Quaffing wine history at center in Bordeaux

The Center for Wine and Civilizations under construction last fall. It opens on June 2.
The Center for Wine and Civilizations under construction last fall. It opens on June 2. Photo Credit: Mark Edward Harris

As the saying goes, knowledge is power, and in the James Bond movie "Diamonds Are Forever," wine knowledge (or the lack thereof) seals the fate of two henchmen posing as cruise-ship crew members.

After ordering a Mouton Rothschild, Bond remarks, "The wine is quite excellent, although for such a grand meal I had rather expected a claret."

"Of course," one of the men replies. "Unfortunately, our cellar's rather poorly stocked with clarets."

Bond: "Mouton Rothschild is a claret."

Those Bond villains could have used something like the Center for Wine and Civilizations, which will open its doors, and some of its highly prized bottles, in Bordeaux, France, on June 2.

The museum will use 20 themed spaces, the majority of which are interactive, to educate visitors about the 7,500-year history of wine around the world, the differences between grape varietals and how a grape becomes an intoxicating beverage.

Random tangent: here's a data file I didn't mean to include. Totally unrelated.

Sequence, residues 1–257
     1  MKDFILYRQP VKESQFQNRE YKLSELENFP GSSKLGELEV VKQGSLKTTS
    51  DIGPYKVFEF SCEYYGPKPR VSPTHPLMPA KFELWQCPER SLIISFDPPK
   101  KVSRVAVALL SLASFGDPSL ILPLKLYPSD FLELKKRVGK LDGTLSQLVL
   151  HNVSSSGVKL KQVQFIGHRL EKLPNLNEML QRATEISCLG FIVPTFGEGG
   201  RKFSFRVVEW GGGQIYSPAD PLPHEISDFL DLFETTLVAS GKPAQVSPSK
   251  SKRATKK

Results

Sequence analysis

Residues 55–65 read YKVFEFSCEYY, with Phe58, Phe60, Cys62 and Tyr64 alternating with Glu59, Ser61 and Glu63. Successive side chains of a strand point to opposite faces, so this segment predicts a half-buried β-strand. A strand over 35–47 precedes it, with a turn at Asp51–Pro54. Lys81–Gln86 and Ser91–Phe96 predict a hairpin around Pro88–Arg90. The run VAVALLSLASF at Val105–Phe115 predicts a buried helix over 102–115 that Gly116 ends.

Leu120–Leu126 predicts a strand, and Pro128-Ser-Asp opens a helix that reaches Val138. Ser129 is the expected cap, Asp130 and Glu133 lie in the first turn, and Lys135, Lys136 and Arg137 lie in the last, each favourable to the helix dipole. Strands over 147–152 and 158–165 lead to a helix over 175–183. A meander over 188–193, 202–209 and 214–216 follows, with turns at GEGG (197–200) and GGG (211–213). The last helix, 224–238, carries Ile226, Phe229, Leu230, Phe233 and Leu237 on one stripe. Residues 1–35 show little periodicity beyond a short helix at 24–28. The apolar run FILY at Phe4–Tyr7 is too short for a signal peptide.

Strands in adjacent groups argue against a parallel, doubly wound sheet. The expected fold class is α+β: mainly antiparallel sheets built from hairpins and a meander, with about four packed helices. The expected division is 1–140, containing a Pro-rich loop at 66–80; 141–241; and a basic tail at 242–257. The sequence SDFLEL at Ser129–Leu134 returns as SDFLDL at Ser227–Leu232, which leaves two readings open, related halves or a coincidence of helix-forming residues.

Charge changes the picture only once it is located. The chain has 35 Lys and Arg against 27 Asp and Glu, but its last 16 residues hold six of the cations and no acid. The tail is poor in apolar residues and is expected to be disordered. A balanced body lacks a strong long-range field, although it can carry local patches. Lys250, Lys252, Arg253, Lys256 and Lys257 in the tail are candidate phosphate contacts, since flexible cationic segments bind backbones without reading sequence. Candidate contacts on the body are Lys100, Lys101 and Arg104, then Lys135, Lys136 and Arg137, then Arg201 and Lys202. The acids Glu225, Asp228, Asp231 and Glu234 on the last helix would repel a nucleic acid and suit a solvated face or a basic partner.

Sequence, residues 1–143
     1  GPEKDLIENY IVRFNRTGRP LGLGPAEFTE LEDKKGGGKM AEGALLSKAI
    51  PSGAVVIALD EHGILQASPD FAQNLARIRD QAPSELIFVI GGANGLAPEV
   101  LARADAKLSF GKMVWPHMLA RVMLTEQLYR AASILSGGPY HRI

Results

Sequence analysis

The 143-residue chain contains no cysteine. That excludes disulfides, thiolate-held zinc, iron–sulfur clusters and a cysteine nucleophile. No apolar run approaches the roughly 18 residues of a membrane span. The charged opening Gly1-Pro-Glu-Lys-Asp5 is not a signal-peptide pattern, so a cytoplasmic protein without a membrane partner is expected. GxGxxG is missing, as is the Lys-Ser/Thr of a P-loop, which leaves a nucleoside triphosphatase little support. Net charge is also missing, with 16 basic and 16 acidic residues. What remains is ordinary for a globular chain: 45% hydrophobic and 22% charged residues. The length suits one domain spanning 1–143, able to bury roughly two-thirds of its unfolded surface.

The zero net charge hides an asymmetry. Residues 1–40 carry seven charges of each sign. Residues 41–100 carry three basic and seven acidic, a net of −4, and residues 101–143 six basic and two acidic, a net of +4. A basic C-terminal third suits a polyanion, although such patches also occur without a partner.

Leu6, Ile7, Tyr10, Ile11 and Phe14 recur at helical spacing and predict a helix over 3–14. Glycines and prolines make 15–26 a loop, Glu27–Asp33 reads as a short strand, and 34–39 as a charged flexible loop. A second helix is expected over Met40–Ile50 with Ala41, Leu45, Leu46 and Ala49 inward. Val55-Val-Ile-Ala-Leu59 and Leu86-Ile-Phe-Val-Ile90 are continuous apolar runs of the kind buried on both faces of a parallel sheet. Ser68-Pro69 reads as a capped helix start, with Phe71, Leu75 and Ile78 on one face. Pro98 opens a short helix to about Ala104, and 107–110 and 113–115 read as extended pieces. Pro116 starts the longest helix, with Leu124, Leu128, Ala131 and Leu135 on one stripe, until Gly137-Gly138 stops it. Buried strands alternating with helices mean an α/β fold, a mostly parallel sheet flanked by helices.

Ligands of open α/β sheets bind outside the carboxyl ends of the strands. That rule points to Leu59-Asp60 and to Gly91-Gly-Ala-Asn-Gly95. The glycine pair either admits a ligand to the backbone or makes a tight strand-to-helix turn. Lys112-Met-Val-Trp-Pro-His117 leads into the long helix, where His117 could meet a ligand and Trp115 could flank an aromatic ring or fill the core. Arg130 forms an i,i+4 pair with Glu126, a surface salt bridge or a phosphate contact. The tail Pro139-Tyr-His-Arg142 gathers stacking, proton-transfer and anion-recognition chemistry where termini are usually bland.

In addition, the center will be a place to analyze and help shape the present and future of the wine industry.

Visitors will use personal digital guides that will detect the wearer's position within the exhibition space and play the appropriate multimedia content in one of eight languages (French, English, German, Spanish, Italian, Dutch, Japanese or Chinese).

Chateau Mouton Rothschild, located in the village of Pauillac in the Medoc region of Bordeaux, produces one of the world's great red wines. Not knowing that the English often refer to Bordeaux wine as a claret resulted in the impostors being deftly tossed overboard by 007.

While the consequences for not understanding what is in a given 750ml bottle are not as severe off the big screen, a basic knowledge of wine as well as its history gleaned from an exploration of the center could lead to a much deeper appreciation of and experience with the noble grape.

Officials estimate that the center will attract more than 450,000 visitors per year. This new wine tourism hub will potentially prolong the stay of visitors to a city that in 2014 said bienvenue to over 5 million guests.

Those numbers are sure to increase when a new high-speed train line puts Bordeaux, the undisputed world capital of wine culture and a Unesco World Heritage Site since 2007, just a two-hour journey away from Paris when it's completed in 2017.

Visit www.laciteduvin.com/en.


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